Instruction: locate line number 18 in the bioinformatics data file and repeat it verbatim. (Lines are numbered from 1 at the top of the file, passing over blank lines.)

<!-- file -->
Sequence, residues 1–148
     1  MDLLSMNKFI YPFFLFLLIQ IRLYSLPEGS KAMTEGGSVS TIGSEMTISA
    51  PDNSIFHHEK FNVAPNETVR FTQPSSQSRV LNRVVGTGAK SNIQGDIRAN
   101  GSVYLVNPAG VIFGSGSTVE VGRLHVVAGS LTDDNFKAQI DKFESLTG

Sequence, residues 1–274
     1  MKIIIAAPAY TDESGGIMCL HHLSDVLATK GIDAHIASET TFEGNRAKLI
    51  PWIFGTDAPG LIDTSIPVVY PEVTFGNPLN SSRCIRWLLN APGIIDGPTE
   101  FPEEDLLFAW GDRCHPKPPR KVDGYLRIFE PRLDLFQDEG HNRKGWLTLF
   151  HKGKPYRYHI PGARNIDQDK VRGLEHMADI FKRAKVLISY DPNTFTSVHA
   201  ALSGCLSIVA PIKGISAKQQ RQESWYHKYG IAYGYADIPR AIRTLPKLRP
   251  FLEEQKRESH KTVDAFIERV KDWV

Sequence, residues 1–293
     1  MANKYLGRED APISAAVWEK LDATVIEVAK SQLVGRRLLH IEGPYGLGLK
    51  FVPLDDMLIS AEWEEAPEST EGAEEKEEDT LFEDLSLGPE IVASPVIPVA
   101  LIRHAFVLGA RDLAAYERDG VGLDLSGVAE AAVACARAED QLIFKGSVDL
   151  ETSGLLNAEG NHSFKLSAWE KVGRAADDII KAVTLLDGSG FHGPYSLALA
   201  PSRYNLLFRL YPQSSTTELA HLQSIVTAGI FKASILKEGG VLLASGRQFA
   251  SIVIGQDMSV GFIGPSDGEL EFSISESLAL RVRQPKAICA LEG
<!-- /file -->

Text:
   251  SIVIGQDMSV GFIGPSDGEL EFSISESLAL RVRQPKAICA LEG